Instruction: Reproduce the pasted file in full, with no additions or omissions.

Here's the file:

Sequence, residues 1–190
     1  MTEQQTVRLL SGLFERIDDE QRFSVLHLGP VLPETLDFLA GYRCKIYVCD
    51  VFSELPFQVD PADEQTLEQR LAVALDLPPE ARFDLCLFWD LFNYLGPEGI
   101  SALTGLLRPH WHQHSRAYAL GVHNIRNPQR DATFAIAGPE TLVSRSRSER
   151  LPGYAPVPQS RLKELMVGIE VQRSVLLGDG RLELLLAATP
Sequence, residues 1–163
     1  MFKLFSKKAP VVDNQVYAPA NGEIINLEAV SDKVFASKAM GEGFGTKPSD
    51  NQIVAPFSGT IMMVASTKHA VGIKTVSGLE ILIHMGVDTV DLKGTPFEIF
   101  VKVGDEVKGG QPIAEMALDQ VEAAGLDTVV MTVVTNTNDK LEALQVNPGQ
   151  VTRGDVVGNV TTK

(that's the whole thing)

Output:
Sequence, residues 1–190
     1  MTEQQTVRLL SGLFERIDDE QRFSVLHLGP VLPETLDFLA GYRCKIYVCD
    51  VFSELPFQVD PADEQTLEQR LAVALDLPPE ARFDLCLFWD LFNYLGPEGI
   101  SALTGLLRPH WHQHSRAYAL GVHNIRNPQR DATFAIAGPE TLVSRSRSER
   151  LPGYAPVPQS RLKELMVGIE VQRSVLLGDG RLELLLAATP
Sequence, residues 1–163
     1  MFKLFSKKAP VVDNQVYAPA NGEIINLEAV SDKVFASKAM GEGFGTKPSD
    51  NQIVAPFSGT IMMVASTKHA VGIKTVSGLE ILIHMGVDTV DLKGTPFEIF
   101  VKVGDEVKGG QPIAEMALDQ VEAAGLDTVV MTVVTNTNDK LEALQVNPGQ
   151  VTRGDVVGNV TTK